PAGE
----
The Washington Supreme Court held 6-3 in the case of Rahman v. State, No. 83428-8 (Jan. 20, 2011), that the state may be held vicariously liable for injuries suffered by a third-party passenger in a state vehicle driven by a state employee for work purposes. The plaintiff in Rahman was the wife of a state agency intern injured when her husband, Mohammad Shahidur Rahman, failed to negotiate a curve while driving from Olympia to Spokane. Although Rahman was driving for work purposes, state rules prohibited him from bringing non-employee passengers. The majority ruled that court precedents and sound policy weighed in favor of holding the state vicariously liable because Rahman was in the service of the state's business at the time of the accident.

The dissent argued that the state should not be liable because Rahman was not authorized to transport non-employees, and thus he acted outside the scope of his employment. Writing for the dissent, Justice Jim M. Johnson contended that the policy underlying respondeat superior — an employer's control over an employee — is absent when the employee is not acting with actual or apparent authority and the employer has no control over the employee.

Summary of Substitute Bill:

The Legislature intends to overrule the Washington Supreme Court's decision in Rahman v. State by modifying the application of the legal doctrine of respondeat superior.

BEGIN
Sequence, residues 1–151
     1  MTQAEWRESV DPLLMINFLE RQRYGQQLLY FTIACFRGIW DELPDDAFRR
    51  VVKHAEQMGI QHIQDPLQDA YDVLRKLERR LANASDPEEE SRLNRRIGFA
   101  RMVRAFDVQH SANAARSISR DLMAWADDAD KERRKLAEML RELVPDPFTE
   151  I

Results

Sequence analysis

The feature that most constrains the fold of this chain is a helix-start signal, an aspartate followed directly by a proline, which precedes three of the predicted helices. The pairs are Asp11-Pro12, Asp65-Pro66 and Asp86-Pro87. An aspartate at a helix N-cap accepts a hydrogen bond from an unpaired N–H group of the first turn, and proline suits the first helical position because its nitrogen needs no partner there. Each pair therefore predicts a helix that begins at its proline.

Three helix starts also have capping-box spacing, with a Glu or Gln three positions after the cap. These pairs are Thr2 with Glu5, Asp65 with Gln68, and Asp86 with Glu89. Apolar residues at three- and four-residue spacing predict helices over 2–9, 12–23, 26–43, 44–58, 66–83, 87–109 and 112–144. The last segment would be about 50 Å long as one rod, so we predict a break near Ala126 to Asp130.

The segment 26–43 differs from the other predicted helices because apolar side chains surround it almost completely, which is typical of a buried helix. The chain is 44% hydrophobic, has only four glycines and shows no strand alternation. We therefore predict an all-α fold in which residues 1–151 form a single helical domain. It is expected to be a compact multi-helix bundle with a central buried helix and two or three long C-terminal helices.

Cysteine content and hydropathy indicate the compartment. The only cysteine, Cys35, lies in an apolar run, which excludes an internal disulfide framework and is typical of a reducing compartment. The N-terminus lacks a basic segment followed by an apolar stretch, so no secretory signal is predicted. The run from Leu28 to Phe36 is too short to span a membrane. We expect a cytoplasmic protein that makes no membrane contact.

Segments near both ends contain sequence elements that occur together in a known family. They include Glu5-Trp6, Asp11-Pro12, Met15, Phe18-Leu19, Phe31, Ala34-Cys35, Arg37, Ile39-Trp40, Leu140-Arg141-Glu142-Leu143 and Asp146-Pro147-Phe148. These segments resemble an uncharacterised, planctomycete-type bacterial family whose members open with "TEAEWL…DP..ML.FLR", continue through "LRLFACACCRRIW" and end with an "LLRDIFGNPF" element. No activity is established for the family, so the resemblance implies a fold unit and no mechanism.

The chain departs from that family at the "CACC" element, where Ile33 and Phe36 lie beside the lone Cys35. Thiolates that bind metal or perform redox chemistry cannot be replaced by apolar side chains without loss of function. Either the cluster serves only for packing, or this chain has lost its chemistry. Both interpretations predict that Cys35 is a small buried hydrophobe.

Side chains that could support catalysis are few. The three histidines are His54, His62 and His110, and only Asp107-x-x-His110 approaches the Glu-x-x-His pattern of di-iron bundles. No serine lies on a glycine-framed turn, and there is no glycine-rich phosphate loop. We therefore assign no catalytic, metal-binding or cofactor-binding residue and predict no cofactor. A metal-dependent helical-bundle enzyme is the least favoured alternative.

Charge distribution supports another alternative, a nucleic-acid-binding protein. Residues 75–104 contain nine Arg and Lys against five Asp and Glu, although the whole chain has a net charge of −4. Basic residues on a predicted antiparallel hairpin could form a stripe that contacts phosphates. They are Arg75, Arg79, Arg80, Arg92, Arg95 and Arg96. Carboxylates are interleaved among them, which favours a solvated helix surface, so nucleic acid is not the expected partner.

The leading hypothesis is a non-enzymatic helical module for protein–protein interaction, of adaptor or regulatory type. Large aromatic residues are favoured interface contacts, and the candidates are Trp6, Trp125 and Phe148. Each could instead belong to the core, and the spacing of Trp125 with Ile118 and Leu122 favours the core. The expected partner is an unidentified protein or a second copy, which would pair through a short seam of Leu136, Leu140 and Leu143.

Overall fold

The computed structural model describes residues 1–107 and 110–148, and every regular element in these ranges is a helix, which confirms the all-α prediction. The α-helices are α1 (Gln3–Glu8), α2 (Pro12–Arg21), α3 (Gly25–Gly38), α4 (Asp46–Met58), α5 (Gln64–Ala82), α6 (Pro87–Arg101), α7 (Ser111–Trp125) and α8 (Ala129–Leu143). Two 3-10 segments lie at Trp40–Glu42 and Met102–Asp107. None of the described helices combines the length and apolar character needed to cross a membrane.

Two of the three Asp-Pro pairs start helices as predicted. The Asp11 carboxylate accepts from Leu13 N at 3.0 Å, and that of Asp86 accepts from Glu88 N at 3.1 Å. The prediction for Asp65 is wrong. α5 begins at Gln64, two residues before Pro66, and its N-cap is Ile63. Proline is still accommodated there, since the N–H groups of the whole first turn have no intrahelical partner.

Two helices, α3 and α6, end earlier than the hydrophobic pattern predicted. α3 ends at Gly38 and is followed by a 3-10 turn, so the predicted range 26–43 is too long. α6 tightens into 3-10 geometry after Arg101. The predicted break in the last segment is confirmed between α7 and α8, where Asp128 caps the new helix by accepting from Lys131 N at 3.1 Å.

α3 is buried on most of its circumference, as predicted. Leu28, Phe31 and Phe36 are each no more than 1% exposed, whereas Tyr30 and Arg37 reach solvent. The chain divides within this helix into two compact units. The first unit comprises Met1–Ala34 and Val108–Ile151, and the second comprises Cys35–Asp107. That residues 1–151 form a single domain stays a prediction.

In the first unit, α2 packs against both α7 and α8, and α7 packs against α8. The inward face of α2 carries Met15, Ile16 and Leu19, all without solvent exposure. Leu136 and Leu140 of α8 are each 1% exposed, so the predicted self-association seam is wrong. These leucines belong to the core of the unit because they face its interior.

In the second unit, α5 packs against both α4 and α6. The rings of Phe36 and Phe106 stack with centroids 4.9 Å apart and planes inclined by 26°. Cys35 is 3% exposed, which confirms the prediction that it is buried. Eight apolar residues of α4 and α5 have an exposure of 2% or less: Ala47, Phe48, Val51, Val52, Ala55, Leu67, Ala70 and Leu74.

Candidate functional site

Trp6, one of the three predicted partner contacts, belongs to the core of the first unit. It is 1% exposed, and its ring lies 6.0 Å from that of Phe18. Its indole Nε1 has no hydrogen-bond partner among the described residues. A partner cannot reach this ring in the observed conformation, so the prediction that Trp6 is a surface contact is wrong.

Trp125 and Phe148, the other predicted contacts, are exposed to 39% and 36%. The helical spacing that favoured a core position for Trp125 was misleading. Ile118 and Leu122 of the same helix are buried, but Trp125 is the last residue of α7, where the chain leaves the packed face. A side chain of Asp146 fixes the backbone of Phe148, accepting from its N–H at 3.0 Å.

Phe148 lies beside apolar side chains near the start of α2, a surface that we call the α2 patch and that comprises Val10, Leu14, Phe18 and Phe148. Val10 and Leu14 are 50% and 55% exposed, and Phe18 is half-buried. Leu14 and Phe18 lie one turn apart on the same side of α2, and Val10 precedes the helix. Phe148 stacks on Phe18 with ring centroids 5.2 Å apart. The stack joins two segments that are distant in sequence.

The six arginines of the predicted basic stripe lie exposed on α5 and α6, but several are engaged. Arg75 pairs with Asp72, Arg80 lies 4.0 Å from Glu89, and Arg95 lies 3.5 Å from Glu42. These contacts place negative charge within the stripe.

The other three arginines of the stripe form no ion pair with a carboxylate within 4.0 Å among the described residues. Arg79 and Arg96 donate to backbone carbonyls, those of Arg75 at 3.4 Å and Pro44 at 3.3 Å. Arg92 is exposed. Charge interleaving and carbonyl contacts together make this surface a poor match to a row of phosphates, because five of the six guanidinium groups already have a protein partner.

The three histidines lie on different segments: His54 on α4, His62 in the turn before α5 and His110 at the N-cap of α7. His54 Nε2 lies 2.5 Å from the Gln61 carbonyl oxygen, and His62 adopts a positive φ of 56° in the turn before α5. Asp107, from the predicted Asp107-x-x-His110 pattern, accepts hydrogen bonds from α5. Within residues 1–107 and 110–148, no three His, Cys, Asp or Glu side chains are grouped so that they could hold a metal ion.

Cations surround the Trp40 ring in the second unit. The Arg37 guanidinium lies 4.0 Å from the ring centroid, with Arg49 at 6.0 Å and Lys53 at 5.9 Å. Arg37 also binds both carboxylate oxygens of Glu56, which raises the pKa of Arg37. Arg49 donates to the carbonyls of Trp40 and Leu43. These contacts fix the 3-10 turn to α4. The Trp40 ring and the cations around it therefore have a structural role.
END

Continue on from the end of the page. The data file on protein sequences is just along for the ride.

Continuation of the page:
State and local governments are not liable for injuries suffered by a third-party occupant of a vehicle owned, leased, or rented by the government if, at the time the injuries occurred, the third-party occupant was: (1) riding in or on the vehicle with a government employee who had explicitly acknowledged in writing the government's policy on use of such vehicles; and (2) not expressly authorized by the government to be an occupant of the vehicle. Third-party occupants are people who occupy a government vehicle who are not government officers, employees, or agents. Local governments include cities, counties, or other subdivisions of the state and any municipal corporations, quasi-municipal corporations, or special districts within the state.

A private employer is not liable for any injury suffered by a third-party occupant of a vehicle owned, leased, or rented by the employer when the third-party occupant was riding in or on the vehicle with an employee who had explicitly acknowledged in writing the employer's policy on use of such vehicles, unless: (1) the employer specifically and expressly authorized the occupancy; or (2) the third-party occupant was acting on behalf of or for the benefit of the employer, and the employer knew or impliedly approved or acquiesced. Third-party occupants are people who occupy an employer vehicle who are not officers, employees, agents, or authorized or constructive invitees of the private employer.